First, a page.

The Tonga Law Society says the parliament should not have passed a constitutional reform without referring it to public consultation.
The legislature unanimously passed Clause 89 to the Constitution, which will require judges to consider Tongan traditions, custom and culture when making their court decisions.
The acting Justice Minister, Samiu Vaipulu, said the matter was not put to the public because no law was actually being changed.
But the President of the Law Society, Sione Fonua, said it should have been vetted by the public, because the issue was very complex.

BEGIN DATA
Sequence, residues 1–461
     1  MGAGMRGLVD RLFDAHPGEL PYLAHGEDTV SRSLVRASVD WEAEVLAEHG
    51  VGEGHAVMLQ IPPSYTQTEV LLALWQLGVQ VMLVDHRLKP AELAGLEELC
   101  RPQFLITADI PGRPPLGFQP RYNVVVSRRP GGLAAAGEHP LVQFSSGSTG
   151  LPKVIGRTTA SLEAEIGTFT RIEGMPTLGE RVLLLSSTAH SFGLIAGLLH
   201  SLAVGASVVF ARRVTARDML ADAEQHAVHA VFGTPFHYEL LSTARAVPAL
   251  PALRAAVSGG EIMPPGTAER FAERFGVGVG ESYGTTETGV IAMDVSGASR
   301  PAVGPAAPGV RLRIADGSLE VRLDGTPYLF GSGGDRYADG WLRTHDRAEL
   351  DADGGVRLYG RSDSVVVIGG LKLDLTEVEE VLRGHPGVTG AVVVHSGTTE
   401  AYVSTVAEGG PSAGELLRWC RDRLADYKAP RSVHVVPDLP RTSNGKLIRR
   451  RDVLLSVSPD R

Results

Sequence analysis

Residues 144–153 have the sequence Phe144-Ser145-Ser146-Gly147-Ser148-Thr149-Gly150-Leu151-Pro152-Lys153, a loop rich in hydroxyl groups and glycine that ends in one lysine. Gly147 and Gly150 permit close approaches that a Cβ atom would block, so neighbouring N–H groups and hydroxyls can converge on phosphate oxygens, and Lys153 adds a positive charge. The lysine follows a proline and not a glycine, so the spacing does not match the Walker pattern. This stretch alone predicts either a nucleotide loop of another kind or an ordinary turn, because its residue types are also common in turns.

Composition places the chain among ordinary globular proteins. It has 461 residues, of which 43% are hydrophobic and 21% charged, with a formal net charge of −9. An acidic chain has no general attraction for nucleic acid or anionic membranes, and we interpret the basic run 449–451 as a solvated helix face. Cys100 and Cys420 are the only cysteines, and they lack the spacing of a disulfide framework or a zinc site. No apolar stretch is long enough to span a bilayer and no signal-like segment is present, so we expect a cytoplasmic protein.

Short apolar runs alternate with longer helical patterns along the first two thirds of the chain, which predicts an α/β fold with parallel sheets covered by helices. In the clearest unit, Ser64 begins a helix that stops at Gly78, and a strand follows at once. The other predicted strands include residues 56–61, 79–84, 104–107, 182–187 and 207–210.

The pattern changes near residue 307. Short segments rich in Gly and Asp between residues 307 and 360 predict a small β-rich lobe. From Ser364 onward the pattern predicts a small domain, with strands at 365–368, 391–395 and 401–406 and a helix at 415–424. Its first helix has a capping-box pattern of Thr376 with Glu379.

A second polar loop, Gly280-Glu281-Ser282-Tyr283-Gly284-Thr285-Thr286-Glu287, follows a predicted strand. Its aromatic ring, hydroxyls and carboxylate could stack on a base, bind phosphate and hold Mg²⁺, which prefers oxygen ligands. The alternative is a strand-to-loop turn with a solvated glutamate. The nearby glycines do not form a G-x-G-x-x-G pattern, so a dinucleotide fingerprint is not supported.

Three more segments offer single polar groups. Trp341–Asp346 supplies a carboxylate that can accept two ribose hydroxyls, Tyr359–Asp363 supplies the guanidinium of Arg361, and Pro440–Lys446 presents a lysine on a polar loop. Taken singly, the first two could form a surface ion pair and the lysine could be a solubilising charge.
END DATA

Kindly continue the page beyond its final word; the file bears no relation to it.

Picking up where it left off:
"The implication of something that's used to somebody's advantage, using the culture, it's a very serious issue. So that's why we were concerned and it should have been discussed publicly and allowed submissions," he said.
Fonua said there was already talk about how prospective MPs could treat voters to items like kava, defending it as an expression of Tongan culture.
"They have already talked about allowing the candidate to donate some sort of kava and also other things that they consider is a part of our culture, when you are going campaigning.
"So it is not an easy issue. Are you allowed to do that? Does it mean you are buying the vote?"